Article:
CTVA - The Virginian 6.20 [169] "The Good-Hearted Badman" 7-Feb-1968

CTVA
The Classic TV Archive - TV Western series
<Previous                     The Virginian                        Next>
1   2   3   4   5   6   7   8   9

 
6.20 [169]
"The Good-Hearted Badman"

NBC Broadcast - 7 February 1968

Universal City Studios, Inc.
Executive Producer Norman Macdonnell
Produced by James Duff McAdams
Written by Robert Van Scoyk
Directed by James Sheldon

Starring:
(shown on the ride-in)
John McIntire as Clay Grainger
Doug McClure as Trampas (not in this episode)
Clu Gulager as Emmett Ryker (not in this episode)
Don Quine as Stacey Grainger
Sara Lane as Elizabeth Grainger
and
James Drury as The Virginian (not in this episode)

Guest Stars
Peter Deuel [Jim Dewey A.K.A. Thomas Baker] (this actor may be better
recognized by the name Pete Duel)
Jeanette Nolan [series regular Holly Grainger]
Special Guest Star: John Larch [Ben Hicks]

Complete end credits:
Co-Starring
Anthony Zerbe as Powell
#
With
K.L. Smith  . . .  Bogen
Jim Boles  . . .  Farmer
Stuart Nisbet  . . .  Bartender
John Stevens  . . .  Dobbs
Robert Rothwell  . . .  Kelliher
Bobby Clark  . . .  Lookout
#
Associate Producer David Levinson
#
Music Score Leonard Rosenman
Theme Percy Faith
#
Director of Photography Enzo A. Martinelli
#
Art Director  . . .  George Patrick
Film Editor  . . .  J. Howard Terrill
Unit Manager  . . .   Henry Kline
Assistant Director  . . .  Donald White
Set Decorators  . . .  John McCarthy and Ralph Sylos
Sound  . . .  Melvin M. Metcalfe, Sr.
Color Coordinator  . . .  Robert Brower
Technicolor
#
Editorial Supervision . . . Richard Belding
Musical Supervision . . . Stanley Wilson
Costume Supervision . . . Vincent Dee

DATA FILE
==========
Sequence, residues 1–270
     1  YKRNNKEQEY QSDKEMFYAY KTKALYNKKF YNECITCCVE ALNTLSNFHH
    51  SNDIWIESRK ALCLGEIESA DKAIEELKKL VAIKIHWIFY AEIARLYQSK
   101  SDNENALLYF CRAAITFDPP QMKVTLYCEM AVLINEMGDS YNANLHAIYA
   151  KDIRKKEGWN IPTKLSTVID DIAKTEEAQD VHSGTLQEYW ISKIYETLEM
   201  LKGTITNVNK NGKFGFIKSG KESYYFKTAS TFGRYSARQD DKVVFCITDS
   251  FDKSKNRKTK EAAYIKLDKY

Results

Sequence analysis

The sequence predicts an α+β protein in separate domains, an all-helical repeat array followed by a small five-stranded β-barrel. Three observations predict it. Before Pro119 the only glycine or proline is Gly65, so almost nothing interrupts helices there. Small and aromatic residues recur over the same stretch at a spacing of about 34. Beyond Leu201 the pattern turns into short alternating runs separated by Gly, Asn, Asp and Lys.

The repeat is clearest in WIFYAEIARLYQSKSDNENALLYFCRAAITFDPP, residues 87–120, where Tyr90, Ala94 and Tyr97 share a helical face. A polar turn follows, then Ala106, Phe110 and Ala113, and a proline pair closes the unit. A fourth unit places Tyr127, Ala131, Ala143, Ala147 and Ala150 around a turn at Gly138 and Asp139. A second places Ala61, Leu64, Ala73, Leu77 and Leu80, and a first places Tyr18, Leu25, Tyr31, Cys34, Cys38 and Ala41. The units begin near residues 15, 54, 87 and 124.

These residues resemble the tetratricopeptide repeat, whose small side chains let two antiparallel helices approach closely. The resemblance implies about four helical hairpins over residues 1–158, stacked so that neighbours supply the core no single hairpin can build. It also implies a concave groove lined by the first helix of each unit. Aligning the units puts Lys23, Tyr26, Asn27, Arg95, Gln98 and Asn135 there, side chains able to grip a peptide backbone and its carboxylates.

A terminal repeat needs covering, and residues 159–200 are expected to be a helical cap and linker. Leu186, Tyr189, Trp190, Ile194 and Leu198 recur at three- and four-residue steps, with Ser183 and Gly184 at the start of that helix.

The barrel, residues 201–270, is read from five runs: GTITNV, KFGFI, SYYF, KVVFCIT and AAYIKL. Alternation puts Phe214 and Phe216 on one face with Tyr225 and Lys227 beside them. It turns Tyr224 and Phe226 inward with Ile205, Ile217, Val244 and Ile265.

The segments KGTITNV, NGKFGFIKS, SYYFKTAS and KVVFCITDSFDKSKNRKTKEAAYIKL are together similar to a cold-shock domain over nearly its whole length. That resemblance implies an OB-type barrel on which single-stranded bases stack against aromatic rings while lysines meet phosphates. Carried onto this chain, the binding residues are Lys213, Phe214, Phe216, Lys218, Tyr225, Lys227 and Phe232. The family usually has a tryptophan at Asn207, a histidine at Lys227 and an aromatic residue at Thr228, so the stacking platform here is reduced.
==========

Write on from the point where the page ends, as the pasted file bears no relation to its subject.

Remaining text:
Makeup . . . Bud Westmore
Hair Stylist . . . Larry Germain
The Title "THE VIRGINIAN" by permission of EMKA, LTD.


Series regular characters appearing in this episode:  featuring Elizabeth
Grainger with John, Holly, and Stacey Grainger.  Also appearing was Bart the
bartender

Brief Synopsis:
Despite evidence to the contrary, Elizabeth chooses to believe that the
wounded outlaw the Graingers have taken in at Shiloh really does have a good
heart.

Detailed Synopsis:
While out riding Elizabeth finds an injured man (Deuel).  At her
insistence Clay reluctantly brings the boy back to the ranch instead of
making the long wagon ride to the doctor in town but tells his niece, "This
is not a bird with a broken wing.  There are a lot of reasons why a man
shoots another man, and none of them are any good."  Holly and Elizabeth
tend to his wound, and when the patient regains consciousness his first
thought is for the welfare of his
horse.  Elizabeth assures him that the pinto is safe in the barn. Clay has
a number of questions to ask him, and
the boy answers that his name is Thomas Baker and he has no idea why someone
would want to shoot him.  But soon Ben Hicks (Larch) shows up looking for
his $5000 bounty--the notorious Nebraska outlaw Jim Dewey.  Clay, now aware of
who is resting in his house, refuses to hand Jim over to someone looking
only for reward and tells Hicks he will instead turn him in to the sheriff
so he can be returned to Nebraska to face the charges for his crimes.  As
Clay chases Hicks from the ranch the bounty hunter vows he will be back to get Dewey.
When Clay confronts "Tom"